In a study published this year, researchers asked Americans how they specifically express affection in their relationships. The most common answers were through verbal messages, physical touching, complementing, and listening to their partner. They also reported helping their partner complete tasks, spending time together, cooking, talking to one another, or flirting with them.

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Affection Exchange Theory

Okay, so now that we know how we express affection, let's talk a little about why we express affection.

One theory about affection posits that the act of expressing affection is a biological imperative. We as a human species are driven to express affection to more effectively maintain our romantic relationships in an effort to facilitate the continuation of our species. In other words, we do it so we can make babies!

Each person has a particular tolerance for the amount of affection they like to give and receive. Receiving too much or too little affection can have negative consequences for building a relationship. Naturally, increasing affectionate communication in our relationships has measurable impacts on our relationship satisfaction, which includes everything from satisfaction with the communication we have with our partner, feelings of love and closeness with our partner, and sexual satisfaction.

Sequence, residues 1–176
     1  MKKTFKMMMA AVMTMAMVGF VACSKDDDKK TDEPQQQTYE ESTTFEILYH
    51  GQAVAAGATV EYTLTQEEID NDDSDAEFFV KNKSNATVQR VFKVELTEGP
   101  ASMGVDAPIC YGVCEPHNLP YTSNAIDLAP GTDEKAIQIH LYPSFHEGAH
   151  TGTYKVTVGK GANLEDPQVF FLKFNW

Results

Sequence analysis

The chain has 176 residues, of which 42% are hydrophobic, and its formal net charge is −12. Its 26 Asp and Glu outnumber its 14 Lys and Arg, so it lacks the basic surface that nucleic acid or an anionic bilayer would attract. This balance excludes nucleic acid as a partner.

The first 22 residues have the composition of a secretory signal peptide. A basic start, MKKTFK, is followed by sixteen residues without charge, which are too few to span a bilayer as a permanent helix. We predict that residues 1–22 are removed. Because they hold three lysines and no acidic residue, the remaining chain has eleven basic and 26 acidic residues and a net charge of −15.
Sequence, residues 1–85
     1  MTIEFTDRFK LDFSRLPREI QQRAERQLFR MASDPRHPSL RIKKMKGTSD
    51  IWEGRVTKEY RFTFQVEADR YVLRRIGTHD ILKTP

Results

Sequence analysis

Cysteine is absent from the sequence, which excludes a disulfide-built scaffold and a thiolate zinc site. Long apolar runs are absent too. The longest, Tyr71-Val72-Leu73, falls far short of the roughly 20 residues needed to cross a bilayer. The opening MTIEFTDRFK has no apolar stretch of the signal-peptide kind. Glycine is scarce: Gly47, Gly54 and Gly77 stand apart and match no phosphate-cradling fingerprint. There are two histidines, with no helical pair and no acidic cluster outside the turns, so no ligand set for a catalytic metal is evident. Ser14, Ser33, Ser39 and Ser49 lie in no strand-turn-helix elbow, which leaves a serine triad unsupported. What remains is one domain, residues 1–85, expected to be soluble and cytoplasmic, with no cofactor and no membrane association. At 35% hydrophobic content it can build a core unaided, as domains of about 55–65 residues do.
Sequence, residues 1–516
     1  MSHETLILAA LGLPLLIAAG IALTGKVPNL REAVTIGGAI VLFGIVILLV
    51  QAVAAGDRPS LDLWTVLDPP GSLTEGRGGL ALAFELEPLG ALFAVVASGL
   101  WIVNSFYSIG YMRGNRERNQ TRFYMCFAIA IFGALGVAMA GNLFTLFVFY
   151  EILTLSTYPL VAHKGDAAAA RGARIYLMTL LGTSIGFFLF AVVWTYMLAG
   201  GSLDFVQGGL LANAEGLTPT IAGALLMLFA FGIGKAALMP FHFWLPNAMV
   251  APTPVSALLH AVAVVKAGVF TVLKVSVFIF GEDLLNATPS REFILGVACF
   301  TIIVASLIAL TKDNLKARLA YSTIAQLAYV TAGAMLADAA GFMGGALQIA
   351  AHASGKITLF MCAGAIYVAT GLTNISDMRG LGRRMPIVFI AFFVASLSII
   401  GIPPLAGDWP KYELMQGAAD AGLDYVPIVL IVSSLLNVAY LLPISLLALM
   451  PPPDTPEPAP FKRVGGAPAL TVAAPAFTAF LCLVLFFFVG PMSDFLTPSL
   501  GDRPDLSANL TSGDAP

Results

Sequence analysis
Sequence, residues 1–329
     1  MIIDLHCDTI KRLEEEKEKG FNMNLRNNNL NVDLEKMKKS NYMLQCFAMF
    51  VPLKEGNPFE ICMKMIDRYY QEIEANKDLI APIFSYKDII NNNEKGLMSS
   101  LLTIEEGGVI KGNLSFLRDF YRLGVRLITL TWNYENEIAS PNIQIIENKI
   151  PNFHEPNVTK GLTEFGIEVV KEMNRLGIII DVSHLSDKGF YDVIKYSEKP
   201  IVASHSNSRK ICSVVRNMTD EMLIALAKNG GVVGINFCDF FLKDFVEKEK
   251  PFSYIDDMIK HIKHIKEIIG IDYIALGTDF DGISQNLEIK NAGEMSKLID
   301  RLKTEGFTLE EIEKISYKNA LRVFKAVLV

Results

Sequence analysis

But the act of expression affection has also been found to improve mental well-being, cardiovascular health, metabolic health, sleep health, and stress reactivity.

One research study in particular examined how the amount of affection expressed in a person’s most affectionate relationship may affect their ability to cope with and recover from a stressful event. Participants took part in several purposefully stressful rounds of difficult oral math and logic problem sets for approximately 40 minutes to elevate their heart rate and promote the release of cortisol, a stress hormone. Individual survey responses about the amount and types of affectionate communication in their relationship were linked to their biological recovery processes after this stressful experience. Affectionate communication positively impacted people’s ability to regulate their heart rate after a stressful event. It also positively impacted their stress hormone recovery process.